'The elderly can ask for a transfer if they find it difficult to walk up and down the stairs. We understand it is important for the elderly to maintain a social network which has been in place for decades. So we will try to relocate them to other buildings in the same estate. Again, as they are elderly, the transfer will be done within a month of their application.'
Nelson Chow Wing-sun, of the University of Hong Kong's social works department, said those affected should accept the department's decision.
'I think the elderly shouldn't be too picky and stubborn,' Professor Chow said. 'If the estates are structurally unfit to have elevators, they should accept the reality and move to other buildings.
'The Housing Department promised to settle them in the same estate to minimise disturbance, and this is a good thing. If they want to further improve their living conditions, they should consider moving to new estates - it shouldn't take long to do so.'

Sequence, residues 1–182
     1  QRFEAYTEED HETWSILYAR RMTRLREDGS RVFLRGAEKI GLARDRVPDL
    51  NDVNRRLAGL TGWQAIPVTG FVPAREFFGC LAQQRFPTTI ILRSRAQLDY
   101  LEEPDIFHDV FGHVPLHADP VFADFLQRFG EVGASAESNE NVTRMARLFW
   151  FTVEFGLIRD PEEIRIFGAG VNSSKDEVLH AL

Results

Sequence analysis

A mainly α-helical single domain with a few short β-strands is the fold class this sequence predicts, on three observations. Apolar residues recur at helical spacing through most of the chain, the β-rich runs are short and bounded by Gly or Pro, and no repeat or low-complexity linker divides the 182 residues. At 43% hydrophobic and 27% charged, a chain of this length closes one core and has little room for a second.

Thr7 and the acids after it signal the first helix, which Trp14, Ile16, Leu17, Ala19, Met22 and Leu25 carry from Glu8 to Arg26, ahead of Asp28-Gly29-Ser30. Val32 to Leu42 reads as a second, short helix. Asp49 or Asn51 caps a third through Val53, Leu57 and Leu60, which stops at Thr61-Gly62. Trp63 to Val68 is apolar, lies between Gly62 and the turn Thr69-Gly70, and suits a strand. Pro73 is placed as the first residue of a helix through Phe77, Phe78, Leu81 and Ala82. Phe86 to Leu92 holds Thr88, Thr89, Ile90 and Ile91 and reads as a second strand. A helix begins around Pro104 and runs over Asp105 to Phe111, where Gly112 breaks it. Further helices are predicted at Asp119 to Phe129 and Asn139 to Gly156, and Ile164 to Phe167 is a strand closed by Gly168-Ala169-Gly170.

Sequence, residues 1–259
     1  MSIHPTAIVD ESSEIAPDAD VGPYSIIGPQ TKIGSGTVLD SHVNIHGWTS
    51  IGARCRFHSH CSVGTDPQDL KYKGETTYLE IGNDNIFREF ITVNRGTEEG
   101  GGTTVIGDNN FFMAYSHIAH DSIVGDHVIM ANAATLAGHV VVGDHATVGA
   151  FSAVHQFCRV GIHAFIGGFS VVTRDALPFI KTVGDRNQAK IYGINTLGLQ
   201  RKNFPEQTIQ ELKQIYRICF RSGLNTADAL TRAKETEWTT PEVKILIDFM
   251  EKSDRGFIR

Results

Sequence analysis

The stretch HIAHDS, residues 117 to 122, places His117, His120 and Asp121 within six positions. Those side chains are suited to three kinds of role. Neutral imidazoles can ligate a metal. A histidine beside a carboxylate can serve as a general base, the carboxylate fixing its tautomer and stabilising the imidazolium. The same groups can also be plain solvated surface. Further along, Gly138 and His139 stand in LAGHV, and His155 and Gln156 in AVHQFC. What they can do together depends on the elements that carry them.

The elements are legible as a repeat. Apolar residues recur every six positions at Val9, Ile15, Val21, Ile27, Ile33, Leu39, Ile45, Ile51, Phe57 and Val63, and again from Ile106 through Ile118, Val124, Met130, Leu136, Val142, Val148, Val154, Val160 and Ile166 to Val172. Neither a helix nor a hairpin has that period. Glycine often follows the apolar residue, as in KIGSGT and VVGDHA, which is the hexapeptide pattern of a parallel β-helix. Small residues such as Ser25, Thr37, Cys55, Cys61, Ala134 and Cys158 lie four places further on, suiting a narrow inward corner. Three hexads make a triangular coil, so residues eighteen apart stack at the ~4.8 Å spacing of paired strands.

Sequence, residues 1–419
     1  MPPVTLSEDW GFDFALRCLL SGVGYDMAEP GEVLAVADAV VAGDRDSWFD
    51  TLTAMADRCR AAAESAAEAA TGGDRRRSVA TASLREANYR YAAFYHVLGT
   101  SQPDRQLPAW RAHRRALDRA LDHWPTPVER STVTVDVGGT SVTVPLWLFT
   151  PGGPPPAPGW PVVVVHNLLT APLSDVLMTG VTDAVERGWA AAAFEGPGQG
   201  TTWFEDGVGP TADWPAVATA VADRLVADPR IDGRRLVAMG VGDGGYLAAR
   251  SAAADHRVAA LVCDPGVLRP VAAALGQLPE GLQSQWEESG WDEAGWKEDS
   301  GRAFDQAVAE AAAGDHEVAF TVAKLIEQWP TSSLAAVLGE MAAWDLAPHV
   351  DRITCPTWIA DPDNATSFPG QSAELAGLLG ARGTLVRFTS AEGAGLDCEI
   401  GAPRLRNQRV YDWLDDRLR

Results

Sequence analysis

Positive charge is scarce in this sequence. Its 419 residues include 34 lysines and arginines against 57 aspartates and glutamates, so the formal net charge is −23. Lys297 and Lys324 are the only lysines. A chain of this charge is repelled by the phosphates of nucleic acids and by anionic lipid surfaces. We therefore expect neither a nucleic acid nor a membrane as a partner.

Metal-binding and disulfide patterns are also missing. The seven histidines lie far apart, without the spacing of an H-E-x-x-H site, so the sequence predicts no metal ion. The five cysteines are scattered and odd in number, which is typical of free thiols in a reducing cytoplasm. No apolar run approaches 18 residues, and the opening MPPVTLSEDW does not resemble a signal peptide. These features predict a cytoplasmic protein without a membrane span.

At present, 32 public housing blocks, completed between the 1960s and 1981, are without lifts. There are no plans to raze any of these buildings. The authority has no record of how many elderly residents live in the 32 blocks.
Unionist and legislator Leung Yiu-chung said the authority's response was unacceptable.
'This is not a solution at all,' Mr Leung said. 'What we are talking about is a group of underprivileged elderly. Moving means extra expenditure. It is also physically and mentally demanding for the elderly.'
He said he believed the authority's answer of relocating the elderly was unworkable. 'After moving out the elderly who cannot cope with climbing stairs, the authority will almost certainly allocate the flat to younger tenants,' he said. 'But those tenants will also grow old and, in the end, the stairs will be too much for them to cope with.'